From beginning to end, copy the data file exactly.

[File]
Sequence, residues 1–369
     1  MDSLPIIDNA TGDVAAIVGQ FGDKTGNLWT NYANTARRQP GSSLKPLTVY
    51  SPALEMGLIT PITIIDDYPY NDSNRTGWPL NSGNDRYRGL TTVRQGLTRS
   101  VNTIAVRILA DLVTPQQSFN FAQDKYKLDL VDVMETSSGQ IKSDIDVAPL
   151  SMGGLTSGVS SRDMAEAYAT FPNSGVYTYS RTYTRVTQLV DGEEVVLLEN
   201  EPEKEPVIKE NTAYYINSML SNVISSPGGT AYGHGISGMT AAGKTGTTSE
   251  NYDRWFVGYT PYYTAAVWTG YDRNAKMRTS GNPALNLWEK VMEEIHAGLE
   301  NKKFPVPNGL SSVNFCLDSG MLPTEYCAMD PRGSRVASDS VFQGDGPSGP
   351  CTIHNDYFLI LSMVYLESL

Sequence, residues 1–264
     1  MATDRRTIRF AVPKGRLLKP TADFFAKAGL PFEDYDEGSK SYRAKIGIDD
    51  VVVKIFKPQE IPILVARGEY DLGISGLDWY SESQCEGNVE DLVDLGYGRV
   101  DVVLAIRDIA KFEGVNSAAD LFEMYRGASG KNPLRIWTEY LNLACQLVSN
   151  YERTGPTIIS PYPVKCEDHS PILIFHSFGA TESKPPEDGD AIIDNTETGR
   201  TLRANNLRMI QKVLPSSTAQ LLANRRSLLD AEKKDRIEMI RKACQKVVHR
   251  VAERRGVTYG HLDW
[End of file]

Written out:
Sequence, residues 1–369
     1  MDSLPIIDNA TGDVAAIVGQ FGDKTGNLWT NYANTARRQP GSSLKPLTVY
    51  SPALEMGLIT PITIIDDYPY NDSNRTGWPL NSGNDRYRGL TTVRQGLTRS
   101  VNTIAVRILA DLVTPQQSFN FAQDKYKLDL VDVMETSSGQ IKSDIDVAPL
   151  SMGGLTSGVS SRDMAEAYAT FPNSGVYTYS RTYTRVTQLV DGEEVVLLEN
   201  EPEKEPVIKE NTAYYINSML SNVISSPGGT AYGHGISGMT AAGKTGTTSE
   251  NYDRWFVGYT PYYTAAVWTG YDRNAKMRTS GNPALNLWEK VMEEIHAGLE
   301  NKKFPVPNGL SSVNFCLDSG MLPTEYCAMD PRGSRVASDS VFQGDGPSGP
   351  CTIHNDYFLI LSMVYLESL

Sequence, residues 1–264
     1  MATDRRTIRF AVPKGRLLKP TADFFAKAGL PFEDYDEGSK SYRAKIGIDD
    51  VVVKIFKPQE IPILVARGEY DLGISGLDWY SESQCEGNVE DLVDLGYGRV
   101  DVVLAIRDIA KFEGVNSAAD LFEMYRGASG KNPLRIWTEY LNLACQLVSN
   151  YERTGPTIIS PYPVKCEDHS PILIFHSFGA TESKPPEDGD AIIDNTETGR
   201  TLRANNLRMI QKVLPSSTAQ LLANRRSLLD AEKKDRIEMI RKACQKVVHR
   251  VAERRGVTYG HLDW